As far as epiphanies go, this isn’t up there with discovering you’re really a man trapped in a woman’s body or anything. It is about growing a pair, though. Either way, cahones are involved. Let me explain.
In the summer of 2011, a small group of people were sitting at a Santa Monica coffee house having a let’s-trash-Monsanto-over-a-macchiato meetup. The goal was to plan an anti-GMO rally in L.A. that would get some media coverage. From what I could gather, no one had activist chops savvy enough to plan a real rally—never mind changing the world’s food supply. Someone sort of knew how to get access to the Federal Building grounds in Westwood. Someone else knew a Brazilian band that might play for free. Another guy knew a raw food vendor who could set up a booth. I thought, if only I knew someone with a Port-O-Potty, I’d be useful right now.
Talk about from the ground up. Sheesh. How was this grassroots group gonna tell the world about Monsanto and its nefarious scheme for global seed domination? If the world is our target market, don’t we at least need a strategy brief from Ogilvy & Mather? And shouldn't a P.R. agency be on board? Sure, I’d been writing in the advertising trenches since the caveman invented the first wheel slogan, but did I actually know how to plan and deploy a world-changing campaign from down there? I may have been feeling all hopey and changey, but I was no community organizer or president of the Harvard Law Review. I was no behind-the-scenes Karl Rove mastermind or touchey-feeley Bill Clinton charmer. Maybe I could get a few people to bite with my mastery of words, but global deployment strategies were always left to the bigger fish full of mercury. After all my years in shark-infested waters, where was Jaws when I needed him? As I sat fixating on a guy eating a pecan square, wondering if he knew whether it had GMO corn syrup in it or not, I was feeling dubious about this motley crew’s activist potential—especially my own.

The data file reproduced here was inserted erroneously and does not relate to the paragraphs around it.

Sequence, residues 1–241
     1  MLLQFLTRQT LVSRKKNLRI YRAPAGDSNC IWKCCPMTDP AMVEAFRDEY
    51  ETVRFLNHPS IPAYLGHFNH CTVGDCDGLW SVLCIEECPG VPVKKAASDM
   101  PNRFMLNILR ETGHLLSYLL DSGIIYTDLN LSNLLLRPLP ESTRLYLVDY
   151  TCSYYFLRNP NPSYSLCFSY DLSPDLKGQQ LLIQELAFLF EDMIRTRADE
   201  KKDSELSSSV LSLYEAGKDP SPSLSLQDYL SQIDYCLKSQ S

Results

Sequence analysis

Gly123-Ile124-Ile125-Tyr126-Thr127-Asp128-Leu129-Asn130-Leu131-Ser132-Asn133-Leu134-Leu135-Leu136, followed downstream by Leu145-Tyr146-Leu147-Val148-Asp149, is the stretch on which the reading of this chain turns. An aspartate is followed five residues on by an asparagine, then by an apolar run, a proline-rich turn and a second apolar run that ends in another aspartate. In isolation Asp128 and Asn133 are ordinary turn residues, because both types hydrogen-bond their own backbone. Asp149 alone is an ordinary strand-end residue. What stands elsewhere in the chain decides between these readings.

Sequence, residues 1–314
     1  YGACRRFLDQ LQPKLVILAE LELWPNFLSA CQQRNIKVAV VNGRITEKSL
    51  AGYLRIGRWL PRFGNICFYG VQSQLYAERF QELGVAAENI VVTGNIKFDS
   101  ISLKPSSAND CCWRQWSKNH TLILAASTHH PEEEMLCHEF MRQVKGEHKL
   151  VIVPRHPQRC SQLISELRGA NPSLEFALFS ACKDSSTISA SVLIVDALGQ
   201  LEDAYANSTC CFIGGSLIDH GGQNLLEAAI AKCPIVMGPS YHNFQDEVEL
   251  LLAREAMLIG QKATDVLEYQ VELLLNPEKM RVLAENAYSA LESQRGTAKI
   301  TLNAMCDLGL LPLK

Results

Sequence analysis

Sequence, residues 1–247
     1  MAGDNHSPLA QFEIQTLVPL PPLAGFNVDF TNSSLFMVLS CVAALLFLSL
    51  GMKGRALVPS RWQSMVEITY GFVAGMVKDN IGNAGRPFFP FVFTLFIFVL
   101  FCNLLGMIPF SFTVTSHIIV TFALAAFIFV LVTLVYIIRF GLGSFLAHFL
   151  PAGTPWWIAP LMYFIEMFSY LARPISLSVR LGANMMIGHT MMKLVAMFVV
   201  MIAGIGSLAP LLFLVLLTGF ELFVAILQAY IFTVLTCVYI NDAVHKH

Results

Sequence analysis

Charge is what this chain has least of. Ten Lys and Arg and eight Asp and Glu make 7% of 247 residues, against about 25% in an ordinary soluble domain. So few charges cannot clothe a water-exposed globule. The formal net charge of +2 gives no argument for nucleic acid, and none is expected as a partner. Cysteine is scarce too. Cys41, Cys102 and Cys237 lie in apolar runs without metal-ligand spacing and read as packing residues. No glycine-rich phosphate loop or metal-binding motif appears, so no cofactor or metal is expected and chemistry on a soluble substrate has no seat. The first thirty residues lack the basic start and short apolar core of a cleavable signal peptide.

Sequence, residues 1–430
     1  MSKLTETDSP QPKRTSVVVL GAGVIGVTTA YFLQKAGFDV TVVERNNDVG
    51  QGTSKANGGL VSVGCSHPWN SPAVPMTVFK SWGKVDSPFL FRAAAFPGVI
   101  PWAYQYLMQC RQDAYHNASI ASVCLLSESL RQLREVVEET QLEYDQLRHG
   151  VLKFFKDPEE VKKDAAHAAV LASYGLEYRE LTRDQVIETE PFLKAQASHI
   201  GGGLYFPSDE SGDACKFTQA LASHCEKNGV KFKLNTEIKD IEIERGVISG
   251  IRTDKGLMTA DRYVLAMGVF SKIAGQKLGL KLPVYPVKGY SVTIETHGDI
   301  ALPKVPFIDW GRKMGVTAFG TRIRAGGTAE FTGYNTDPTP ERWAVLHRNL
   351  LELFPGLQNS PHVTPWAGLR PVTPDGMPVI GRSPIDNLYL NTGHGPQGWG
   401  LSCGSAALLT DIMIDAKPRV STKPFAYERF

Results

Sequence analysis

Yet somehow over the next several months, the Rally for the Right to Know got planned and our day had come. Several hundred people showed up with signs. We proudly held them high as we yelled at cars that drove by. Indian dancers performed traditional corn dances. Speakers from the world of health and politics enlightened and motivated us. While we never got that Port-O-Potty, we were pissed off together, comrades in arms with bladders on the brink. I left feeling like I was part of a secret society that knew something that the rest of the world hadn't been privy to yet. Or maybe people just didn’t want to know. Either way, we were determined to tell them.
In 2012, I manned a booth at my local farmers’ market on Sundays to collect signatures for a GMO labeling initiative that we were trying to get on the California ballot in November. But unlike Field of Dreams, I built a booth, and not that many came. So for my dream of GMO-free fields, I had to go to them. Yep, I had to be one of those people you want to swat like flies when they walk up to you with their clipboards and get all up in your face. At times I would have rather been in the dentist's chair, but like braces, I figured it would pay off one day with a shiny new food supply.
Even when I asserted myself, I stood there feeling mousy, envying the more effective evangelists who seemed to be endowed with thicker skin. I remembered a part-time telemarketing job I had in college when some guy I called reduced me to tears by yelling at me for interrupting his dinner. And another time in high school when I worked behind the movie theater concession counter, some jerk threw a hissy fit when I took too long getting his butter-flavored popcorn. It seemed that whenever someone yelled at me for doing a sales job I not only hated, but was lousy at, like Time Warner cable, my tears were On Demand. But with me, no subscription was necessary.
One Sunday at the farmers' market, I went up to my city councilman, who didn't know me from Adam.
"Bill," I said. "Will you sign this initiative to get GMO labeling on the November ballot?"
"I don’t know," he said. “That's a complicated issue."
"It's just a label," I said. "We're not banning anything. We have a right to know what’s in our food. California has a chance to lead the whole country. You’re a progressive. Don't you want to lead the fight for food justice?”
He stood there quietly for a few seconds.
"Oh all right," he said." You talked me into it."
It was a small victory, but by influencing my councilman, somehow I felt I had graduated to the next level. I was feeling more testicularly up to the task. So I took my newfound balls and spoke at a few sustainable living classes about GMOs and the ballot initiative as I tried to collect signatures and recruit volunteers. When I was asked to speak at a synagogue, I figured if Mitt Romney could turn the French into Mormons, the least I could do was get some members of my own tribe on board. It wasn’t like I was asking anyone to become a Christian or marry a goy. Would a little volunteering to help save the world's food supply kill them?